Behold the Stars has organized a readalong of The Pickwick Papers, timed to the publication of its first installment in March 1836. Readalongs and the academic schedule don’t mesh well, but the idea here is to read the book as it was first published, that is, according to its original publishing schedule. It means taking a year and a half to read the book, but I figure even I can manage the 50 pages or so each month.
So I’m giving it a try.
I’m hardly an expert in Dickens, having only read Great Expectations, Bleak House, Nicholas Nickleby and, long ago, so long ago I remember nothing but that 19th century Madoff Mr. Merdle, Little Dorritt. Oh, and the first third of Our Mutual Friend three times. (Story for another day.) Something about Pickwick always put me off. I had the impression it wasn’t really a novel, or that it was more like something from the 18th rather than the 19th-century. I thought it would be hard.
But I read the first two chapters—the opening installment—over the weekend. They’re wonderful! If the other 700 pages are anything like them, this has got to be one of the greatest English books.
We begin with the proceedings of the Pickwick Club from May 12, 1827, where Samuel Pickwick, Esq., has just triumphed with his presentation of a brilliant paper on the origins of the Hampstead ponds, along with some observations on the creature he calls tittlebats and others persist in calling sticklebacks. So that the Club might continue to promote similar contributions to the study of science, the membership approves the creation of a Corresponding Society, a traveling subset of club members who will report back on their findings and adventures. I assume the rest of the novel will comprise those exploits.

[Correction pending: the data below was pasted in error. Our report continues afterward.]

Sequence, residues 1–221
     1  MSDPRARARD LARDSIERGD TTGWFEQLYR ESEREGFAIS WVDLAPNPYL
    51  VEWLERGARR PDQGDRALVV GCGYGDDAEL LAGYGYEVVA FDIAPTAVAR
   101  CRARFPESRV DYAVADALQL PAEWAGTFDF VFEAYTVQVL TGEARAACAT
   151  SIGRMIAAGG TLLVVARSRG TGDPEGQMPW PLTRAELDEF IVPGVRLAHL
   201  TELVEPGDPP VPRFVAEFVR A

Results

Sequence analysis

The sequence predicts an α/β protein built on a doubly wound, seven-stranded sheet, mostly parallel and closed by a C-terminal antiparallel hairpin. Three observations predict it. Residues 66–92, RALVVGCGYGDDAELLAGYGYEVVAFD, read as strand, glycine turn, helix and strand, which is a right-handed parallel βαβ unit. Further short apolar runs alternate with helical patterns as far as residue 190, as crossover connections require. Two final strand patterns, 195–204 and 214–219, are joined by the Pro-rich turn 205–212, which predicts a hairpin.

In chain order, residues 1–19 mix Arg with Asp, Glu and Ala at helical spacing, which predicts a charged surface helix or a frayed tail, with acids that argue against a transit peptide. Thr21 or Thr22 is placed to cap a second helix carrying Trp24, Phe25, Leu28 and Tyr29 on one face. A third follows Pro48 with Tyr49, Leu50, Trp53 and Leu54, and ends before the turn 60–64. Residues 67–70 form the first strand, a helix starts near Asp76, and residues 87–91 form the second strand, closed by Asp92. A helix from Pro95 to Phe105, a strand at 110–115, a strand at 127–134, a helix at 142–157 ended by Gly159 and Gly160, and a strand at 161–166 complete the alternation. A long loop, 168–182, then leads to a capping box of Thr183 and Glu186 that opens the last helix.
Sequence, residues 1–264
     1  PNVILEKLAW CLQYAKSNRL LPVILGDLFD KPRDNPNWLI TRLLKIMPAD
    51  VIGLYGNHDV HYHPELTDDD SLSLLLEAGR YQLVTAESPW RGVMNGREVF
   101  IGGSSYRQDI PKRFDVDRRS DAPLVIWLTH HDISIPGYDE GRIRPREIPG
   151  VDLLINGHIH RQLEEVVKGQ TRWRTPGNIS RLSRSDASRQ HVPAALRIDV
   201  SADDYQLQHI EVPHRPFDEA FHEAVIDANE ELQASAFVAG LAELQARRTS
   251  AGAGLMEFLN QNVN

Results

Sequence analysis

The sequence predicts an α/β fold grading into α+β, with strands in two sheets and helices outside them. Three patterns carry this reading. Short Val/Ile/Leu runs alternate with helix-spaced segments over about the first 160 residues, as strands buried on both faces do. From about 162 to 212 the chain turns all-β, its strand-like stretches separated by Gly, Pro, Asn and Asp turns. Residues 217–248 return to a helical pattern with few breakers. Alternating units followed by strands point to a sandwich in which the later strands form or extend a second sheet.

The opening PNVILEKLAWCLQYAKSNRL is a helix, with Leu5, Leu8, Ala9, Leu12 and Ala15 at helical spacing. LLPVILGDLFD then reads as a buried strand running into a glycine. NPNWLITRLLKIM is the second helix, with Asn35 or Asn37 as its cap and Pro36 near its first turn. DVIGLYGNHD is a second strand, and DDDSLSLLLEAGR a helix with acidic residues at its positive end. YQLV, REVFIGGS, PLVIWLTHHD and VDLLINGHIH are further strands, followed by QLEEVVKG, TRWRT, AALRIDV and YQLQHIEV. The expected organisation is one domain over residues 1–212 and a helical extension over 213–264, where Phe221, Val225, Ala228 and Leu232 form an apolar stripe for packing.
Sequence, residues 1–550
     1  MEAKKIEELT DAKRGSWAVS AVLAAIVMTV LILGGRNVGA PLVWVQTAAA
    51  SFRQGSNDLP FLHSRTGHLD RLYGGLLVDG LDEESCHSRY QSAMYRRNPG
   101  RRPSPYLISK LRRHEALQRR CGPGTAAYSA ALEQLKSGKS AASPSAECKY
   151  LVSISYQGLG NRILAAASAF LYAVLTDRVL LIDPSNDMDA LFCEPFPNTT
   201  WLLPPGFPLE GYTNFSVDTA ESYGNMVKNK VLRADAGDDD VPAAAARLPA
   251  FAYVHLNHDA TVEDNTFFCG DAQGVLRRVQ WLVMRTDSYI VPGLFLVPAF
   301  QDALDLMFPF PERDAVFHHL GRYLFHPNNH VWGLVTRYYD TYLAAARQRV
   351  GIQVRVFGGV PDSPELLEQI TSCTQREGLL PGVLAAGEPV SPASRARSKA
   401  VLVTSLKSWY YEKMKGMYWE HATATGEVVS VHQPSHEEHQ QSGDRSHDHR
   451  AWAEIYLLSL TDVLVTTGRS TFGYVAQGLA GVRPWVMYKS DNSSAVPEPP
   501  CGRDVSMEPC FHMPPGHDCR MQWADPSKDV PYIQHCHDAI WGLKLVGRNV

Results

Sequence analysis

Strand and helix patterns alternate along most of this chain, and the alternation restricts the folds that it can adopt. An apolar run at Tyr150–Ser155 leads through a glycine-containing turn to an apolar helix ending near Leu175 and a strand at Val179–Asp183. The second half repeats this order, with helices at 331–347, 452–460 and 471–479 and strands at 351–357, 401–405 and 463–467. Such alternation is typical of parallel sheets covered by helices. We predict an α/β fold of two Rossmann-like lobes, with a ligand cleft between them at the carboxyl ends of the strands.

At the head of this group, of course, is Pickwick himself—who I can’t help but picture as Sydney Greenstreet in The Maltese Falcon, even though I don’t think there’s any suggestion that he’s fat. The one who is fat is Tracy Tupman, ardent yet hapless lover of women everywhere. Joining them are the dreamy poet Augustus Snodgrass and the impetuous sportsman Nathaniel Winkle.
Things get off to a rousing start when the Club makes its first journey, to Rochester in Kent. Mishaps ensue even before they make it to the coaching inn: the cabbie takes exception when Pickwick records in his ever-present notebook the answers to the questions he’s posed to him, mistaking Pickwick’s dedication to increasing the store of human knowledge for the assiduity of an informer looking to find the cabbie in violation of the newly regulated hackney carriage business.